It was confirmed that the porous separation layer of the separation membrane contained an MFI-type zeolite as a result of X-ray diffraction measurement of the porous separation layer.

Example 6

The membrane separation step was implemented with respect to a hydrocarbon mixture (a-1) having a piperylene proportional content of not less than 60 mass % and not more than 80 mass % and a cyclic hydrocarbon proportional content of not less than 20 mass % and not more than 40 mass %.

A separation membrane formed by using a porous support other than shirasu porous glass as the porous support to which zeolite seed crystals were adhered and by not performing silylation of the zeolite membrane was adopted as the separation membrane used in the membrane separation step. Specifically, the same operations as in Example 1 were performed with the exception that silicon carbide was used instead of shirasu porous glass in “Adhesion of zeolite seed crystals to porous support” of “Preparation of zeolite membrane”, the temperature of the hot-air dryer was set as 125° C. instead of 185° C. in “Formation of porous separation layer”, and the “Silylation step” was not implemented. The same measurements and evaluations as in Example 2 were performed with respect to samples obtained through the first membrane separation. The results are shown in Table 1.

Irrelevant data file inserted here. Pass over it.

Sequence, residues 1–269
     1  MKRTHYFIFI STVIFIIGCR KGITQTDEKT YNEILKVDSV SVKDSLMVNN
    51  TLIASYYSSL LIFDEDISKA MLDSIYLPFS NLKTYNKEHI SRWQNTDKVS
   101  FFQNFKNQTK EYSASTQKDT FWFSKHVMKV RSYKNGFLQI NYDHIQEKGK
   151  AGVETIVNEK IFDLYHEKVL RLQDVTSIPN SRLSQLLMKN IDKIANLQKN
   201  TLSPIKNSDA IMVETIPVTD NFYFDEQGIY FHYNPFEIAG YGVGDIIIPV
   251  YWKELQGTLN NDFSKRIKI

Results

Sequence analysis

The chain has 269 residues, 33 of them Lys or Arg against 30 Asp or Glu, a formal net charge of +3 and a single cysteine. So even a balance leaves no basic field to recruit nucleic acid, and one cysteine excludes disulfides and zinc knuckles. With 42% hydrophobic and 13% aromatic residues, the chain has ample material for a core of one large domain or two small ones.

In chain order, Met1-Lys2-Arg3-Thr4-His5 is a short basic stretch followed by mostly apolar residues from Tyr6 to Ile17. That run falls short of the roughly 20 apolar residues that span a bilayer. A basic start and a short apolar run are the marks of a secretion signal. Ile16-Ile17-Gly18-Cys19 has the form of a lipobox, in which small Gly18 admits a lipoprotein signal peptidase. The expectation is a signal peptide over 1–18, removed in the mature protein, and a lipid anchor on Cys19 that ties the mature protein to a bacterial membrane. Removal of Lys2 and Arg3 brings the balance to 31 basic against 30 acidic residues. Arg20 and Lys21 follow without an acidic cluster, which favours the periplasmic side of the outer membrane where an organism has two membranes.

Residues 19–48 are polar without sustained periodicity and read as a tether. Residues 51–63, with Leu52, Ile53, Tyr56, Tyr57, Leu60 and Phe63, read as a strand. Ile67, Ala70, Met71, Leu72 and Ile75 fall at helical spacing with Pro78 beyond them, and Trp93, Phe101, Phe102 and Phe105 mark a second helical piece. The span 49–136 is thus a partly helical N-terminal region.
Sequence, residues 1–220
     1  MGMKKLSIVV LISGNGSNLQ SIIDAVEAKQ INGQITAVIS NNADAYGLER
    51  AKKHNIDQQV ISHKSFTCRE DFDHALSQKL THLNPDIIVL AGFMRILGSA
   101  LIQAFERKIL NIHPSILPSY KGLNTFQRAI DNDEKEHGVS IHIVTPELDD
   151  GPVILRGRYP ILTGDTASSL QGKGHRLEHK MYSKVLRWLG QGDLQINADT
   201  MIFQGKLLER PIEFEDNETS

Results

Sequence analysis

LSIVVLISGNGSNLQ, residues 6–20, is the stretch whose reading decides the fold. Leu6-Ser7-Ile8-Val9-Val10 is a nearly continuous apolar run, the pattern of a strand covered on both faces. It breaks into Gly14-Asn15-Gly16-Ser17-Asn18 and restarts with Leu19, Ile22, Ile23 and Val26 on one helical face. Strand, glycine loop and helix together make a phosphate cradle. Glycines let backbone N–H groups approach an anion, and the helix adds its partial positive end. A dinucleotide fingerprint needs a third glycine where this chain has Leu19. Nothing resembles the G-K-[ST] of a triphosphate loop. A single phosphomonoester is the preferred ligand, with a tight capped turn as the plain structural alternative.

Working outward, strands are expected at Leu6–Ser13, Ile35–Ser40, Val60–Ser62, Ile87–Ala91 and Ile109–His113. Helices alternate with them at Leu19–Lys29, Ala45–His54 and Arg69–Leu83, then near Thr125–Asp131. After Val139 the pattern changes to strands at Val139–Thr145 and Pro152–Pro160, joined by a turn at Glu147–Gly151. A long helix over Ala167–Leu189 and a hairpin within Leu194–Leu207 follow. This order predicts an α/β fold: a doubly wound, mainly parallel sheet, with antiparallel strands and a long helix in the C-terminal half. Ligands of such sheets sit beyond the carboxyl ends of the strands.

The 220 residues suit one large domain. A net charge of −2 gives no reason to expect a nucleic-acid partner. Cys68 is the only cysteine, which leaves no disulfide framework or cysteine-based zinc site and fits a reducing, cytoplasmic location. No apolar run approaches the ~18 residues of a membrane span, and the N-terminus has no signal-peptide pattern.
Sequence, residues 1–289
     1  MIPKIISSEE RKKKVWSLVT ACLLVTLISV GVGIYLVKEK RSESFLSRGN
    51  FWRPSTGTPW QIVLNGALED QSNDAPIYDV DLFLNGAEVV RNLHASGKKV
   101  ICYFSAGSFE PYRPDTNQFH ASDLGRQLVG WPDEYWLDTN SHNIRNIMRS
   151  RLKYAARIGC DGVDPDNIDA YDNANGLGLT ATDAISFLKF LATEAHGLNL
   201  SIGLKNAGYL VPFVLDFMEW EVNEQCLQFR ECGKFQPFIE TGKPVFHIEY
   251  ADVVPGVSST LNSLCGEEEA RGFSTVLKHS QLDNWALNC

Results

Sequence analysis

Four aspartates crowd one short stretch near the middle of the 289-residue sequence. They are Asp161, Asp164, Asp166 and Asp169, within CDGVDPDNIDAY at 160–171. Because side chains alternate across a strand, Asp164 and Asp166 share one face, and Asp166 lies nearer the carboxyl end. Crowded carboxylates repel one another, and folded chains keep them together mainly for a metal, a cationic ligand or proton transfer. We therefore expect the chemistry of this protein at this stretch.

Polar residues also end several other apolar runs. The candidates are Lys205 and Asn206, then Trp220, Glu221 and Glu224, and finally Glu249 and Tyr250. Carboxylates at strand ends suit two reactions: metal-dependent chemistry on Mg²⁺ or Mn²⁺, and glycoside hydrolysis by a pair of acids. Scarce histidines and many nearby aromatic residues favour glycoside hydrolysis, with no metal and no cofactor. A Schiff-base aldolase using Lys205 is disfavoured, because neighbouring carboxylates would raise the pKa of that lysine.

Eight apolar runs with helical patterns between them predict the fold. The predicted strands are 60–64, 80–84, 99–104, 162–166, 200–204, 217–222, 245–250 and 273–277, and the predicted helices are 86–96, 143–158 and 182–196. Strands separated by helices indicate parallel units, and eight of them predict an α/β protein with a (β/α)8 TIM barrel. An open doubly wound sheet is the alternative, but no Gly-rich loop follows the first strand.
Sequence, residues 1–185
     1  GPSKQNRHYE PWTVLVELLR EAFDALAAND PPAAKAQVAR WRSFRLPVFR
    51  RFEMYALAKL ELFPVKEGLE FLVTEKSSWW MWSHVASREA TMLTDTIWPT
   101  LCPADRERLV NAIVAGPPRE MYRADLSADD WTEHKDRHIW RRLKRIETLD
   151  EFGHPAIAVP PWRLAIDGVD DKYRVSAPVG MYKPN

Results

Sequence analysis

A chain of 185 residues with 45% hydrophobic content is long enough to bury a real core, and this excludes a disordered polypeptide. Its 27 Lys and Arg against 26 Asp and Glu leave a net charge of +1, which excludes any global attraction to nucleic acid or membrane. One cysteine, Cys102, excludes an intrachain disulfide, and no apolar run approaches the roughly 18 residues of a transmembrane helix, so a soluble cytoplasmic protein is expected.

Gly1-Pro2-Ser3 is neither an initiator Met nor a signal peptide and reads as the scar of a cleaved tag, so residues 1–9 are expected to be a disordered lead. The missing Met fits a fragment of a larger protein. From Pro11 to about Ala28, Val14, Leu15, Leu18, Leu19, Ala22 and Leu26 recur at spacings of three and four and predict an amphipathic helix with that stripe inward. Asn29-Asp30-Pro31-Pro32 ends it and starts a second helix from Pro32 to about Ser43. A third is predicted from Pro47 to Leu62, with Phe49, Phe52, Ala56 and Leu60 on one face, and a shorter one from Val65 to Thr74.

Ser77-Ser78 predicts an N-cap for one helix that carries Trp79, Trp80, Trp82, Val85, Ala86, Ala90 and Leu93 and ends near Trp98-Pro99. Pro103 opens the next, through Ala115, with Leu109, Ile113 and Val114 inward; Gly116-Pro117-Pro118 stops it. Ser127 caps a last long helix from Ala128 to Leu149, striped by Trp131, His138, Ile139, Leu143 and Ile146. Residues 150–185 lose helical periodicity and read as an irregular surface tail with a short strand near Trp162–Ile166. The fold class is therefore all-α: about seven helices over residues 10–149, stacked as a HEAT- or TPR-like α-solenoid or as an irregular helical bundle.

It was confirmed that the porous separation layer of the separation membrane contained an MFI-type zeolite as a result of X-ray diffraction measurement of the porous separation layer.